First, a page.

Our History 1734 – 1787

Provincial Grand Masters of County Durham (1734 to 1787)

1734 Joseph Laycock

1751 James Smithson

1775 George Thompson

 Some interesting events which took place from: 1734 -1787


The members of the old “Lodge of Philanthropy” assisted in the laying of the Foundation stone of Stockton Bridge, a bridge of five arches, over the River Tees at Yarm.


William Hutchinson the great masonic writer and antiquary, author of the world-renowned masonic book ‘The Spirit of Freemasonry’, was initiated into the Lodge of Concord no 231. Within ten years of his initiation, he’d been Master of the Lodge three times, and first Master of the new Lodge No.461 at Raby. Hutchinson’s work was held in such high esteem by Grand Lodge that much of his phrasing is perpetuated in present day ritual.


Prebends Bridge

A bridge over the River Wear (now called Prebends Bridge) belonging to the Dean and Chapter of Durham was rebuilt and the brethren of the Marquis of Granby Lodge moved in procession to lay the Foundation stone with full masonic honours. The inscription on Stone and Plate read as follows. “This Stone was laid on the 17th of August, Anno Domini 1772, and in the year of Masonry, 5772, by the Honourable and Reverend Spencer Cowper, Dean of Durham”.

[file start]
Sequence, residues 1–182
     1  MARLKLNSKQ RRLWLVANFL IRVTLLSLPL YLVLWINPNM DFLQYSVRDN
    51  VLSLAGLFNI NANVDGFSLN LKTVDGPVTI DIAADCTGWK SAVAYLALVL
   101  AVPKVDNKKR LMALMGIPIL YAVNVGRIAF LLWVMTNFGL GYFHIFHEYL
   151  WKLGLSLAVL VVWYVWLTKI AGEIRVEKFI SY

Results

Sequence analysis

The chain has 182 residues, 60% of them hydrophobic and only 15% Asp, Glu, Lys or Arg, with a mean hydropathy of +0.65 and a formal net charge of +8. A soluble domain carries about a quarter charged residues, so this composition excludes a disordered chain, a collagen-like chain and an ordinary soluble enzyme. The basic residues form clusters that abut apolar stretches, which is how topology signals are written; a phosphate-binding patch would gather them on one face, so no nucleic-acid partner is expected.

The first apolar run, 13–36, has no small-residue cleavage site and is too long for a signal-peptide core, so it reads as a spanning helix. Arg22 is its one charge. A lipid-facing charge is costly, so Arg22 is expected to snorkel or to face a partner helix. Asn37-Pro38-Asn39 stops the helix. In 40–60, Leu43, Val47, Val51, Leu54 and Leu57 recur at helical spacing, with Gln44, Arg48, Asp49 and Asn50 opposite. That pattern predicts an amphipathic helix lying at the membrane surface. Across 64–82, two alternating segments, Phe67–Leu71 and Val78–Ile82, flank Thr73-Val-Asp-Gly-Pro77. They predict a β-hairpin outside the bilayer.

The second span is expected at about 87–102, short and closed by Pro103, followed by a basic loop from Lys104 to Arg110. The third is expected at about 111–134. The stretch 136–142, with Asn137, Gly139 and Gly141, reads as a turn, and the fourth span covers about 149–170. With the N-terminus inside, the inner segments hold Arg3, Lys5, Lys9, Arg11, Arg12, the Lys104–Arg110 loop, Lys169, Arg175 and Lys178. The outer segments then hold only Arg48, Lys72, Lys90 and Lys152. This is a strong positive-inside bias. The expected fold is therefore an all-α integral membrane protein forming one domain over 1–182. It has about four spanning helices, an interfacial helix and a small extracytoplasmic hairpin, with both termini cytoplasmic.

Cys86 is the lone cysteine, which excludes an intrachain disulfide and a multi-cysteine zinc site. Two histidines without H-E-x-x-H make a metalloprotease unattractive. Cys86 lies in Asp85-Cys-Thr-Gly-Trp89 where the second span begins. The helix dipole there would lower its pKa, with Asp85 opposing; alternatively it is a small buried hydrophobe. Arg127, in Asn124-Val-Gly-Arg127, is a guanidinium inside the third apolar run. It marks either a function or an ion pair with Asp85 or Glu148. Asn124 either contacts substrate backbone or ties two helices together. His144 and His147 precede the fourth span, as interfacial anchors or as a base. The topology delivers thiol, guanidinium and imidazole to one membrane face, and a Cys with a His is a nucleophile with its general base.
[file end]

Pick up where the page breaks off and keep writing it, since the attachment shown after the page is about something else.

On the 29th of May, Lodge No 263 (now 111) moved in procession to a new meeting room in Priestgate. It being “Oak Apple Day” it officially took the name “Restoration,” to commemorate the Restoration of the Monarchy (King Charles II). The Constitution was signed “Aberdour G.M.” and the Lodge has its continuous minute books from December 1769, when admission was ten shillings and six pence, and the Grand Lodge dues were two shillings and six pence.


The present Freemason’s Hall in Queen Street East, is believed to be the oldest building in England, especially dedicated to purely Masonic purposes and which has a continuous history from I785. The Hall is now designated as an “Ancient Building” and is protected by an Act of Parliament, ensuring its preservation for posterity.

< Earliest records to 1734

1788 – present >